With an uncertain operating environment anticipated to continue for some time yet, it makes sense to have a backup plan. As you develop your strategy, take some time to consider what potential contingencies you can put in place in order to be ready to move in a different direction, should you run into some headwinds. If you are unsure where to start, it can be helpful to research some of the tactics that worked for other businesses, even those that may be operating in a completely different sector. You can then apply the best bits of those tactics to your own strategic plan.
As you develop your business strategy, you will most likely identify some actions that you can undertake with certainty, which will help you to manage some of the risks that are inherent in operating in uncertain economic times. Perhaps you can bolster your firm’s cash reserves, reduce fixed costs, or negotiate better terms with suppliers. By proactively focusing on delivering against these actions, you will keep moving your business forward, which will help to make your firm more resilient in the medium to long term.
We were finally getting over the financial crisis when Covid struck. Then, in the trough of the worst economic downturn in 300 years, we discovered that recovery was driving the Financial Times Stock Exchange (FTSE) to new heights and the job market into a frenzy. In the wake of that, it became clear that the recovery was overheating and that we were facing a period of rising inflation and industrial action.
Russia’s war in Ukraine made things worse. It has not only meant human suffering, but it has also affected the entire global economy, driving up the cost of food and energy. It adds to the hardship for those on a low income and means serious food security risks in the world’s poorest economies.
The economy has always had its ups and downs, but its resemblance to a roller coaster is currently more marked than ever with the news of Prime Minister Boris Johnson’s resignation and the race for his successor.
Businesses of every size face challenges that are now suppressing growth. A business might have a great product or service, but without a strategic plan to help it define, articulate and communicate where it is going, it will be at the mercy of outside events. We encourage our clients to take some time to think long-term about their business and to establish goals or targets that you can control.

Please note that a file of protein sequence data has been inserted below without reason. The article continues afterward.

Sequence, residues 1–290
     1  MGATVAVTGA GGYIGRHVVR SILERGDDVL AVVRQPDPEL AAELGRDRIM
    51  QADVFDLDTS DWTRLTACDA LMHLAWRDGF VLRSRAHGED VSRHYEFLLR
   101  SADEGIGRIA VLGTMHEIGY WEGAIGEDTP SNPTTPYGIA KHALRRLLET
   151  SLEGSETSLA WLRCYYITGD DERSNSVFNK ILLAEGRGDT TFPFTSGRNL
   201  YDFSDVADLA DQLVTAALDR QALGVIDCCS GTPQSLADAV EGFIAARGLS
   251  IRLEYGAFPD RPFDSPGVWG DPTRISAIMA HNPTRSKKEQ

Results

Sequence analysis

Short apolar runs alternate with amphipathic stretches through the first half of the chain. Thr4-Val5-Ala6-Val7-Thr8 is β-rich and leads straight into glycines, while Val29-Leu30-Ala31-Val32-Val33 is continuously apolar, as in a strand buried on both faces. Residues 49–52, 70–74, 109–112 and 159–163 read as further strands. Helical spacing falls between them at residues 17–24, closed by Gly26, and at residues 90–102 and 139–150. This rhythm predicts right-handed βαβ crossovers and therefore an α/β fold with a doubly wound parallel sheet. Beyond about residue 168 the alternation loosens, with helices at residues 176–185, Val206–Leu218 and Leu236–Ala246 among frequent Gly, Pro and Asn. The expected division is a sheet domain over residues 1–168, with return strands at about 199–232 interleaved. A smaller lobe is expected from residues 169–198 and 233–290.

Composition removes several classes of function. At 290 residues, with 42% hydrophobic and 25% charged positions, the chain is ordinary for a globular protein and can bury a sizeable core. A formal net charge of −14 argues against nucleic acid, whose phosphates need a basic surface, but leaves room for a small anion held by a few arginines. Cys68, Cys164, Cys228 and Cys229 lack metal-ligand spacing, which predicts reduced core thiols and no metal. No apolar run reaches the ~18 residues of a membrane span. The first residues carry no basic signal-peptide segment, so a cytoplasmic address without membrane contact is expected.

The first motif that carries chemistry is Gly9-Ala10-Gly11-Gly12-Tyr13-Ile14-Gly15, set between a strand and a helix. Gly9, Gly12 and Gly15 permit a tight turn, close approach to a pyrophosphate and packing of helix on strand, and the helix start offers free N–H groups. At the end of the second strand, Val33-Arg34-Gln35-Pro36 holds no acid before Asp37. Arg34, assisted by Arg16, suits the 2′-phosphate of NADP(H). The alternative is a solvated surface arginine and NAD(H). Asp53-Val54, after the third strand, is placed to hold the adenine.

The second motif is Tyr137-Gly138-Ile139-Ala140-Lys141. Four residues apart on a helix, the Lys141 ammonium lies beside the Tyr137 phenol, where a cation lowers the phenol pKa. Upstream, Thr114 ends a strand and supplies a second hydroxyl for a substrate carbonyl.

A plan starts with identifying and accessing opportunities within your market and should address how your business is going to evolve to meet the challenges of today and the future. The plan gives your business purpose and it answers questions about your long-term goals.
The first step is to look at five important areas:
Once you have taken some time to write out your plan and where you want your business to be in (say) 2 years, the next step is to work out a marketing programme with actions to make it happen.
A marketing plan is a business document outlining your marketing strategy and tactics. It is often focused on a specific period (i.e. over the next 12 months) and covers a variety of marketing-related details, such as costs, goals and action steps. But like your business plan, a marketing plan is not a static document. The plan should outline:
We specialise in helping our clients manage their businesses. We do this by preparing and updating detailed forecasts, using the latest and most powerful software.
Please talk to us about strategic planning. We can provide a template so you can do this yourself or work together with you to produce estimates for a variety of scenarios and help you take control of your business!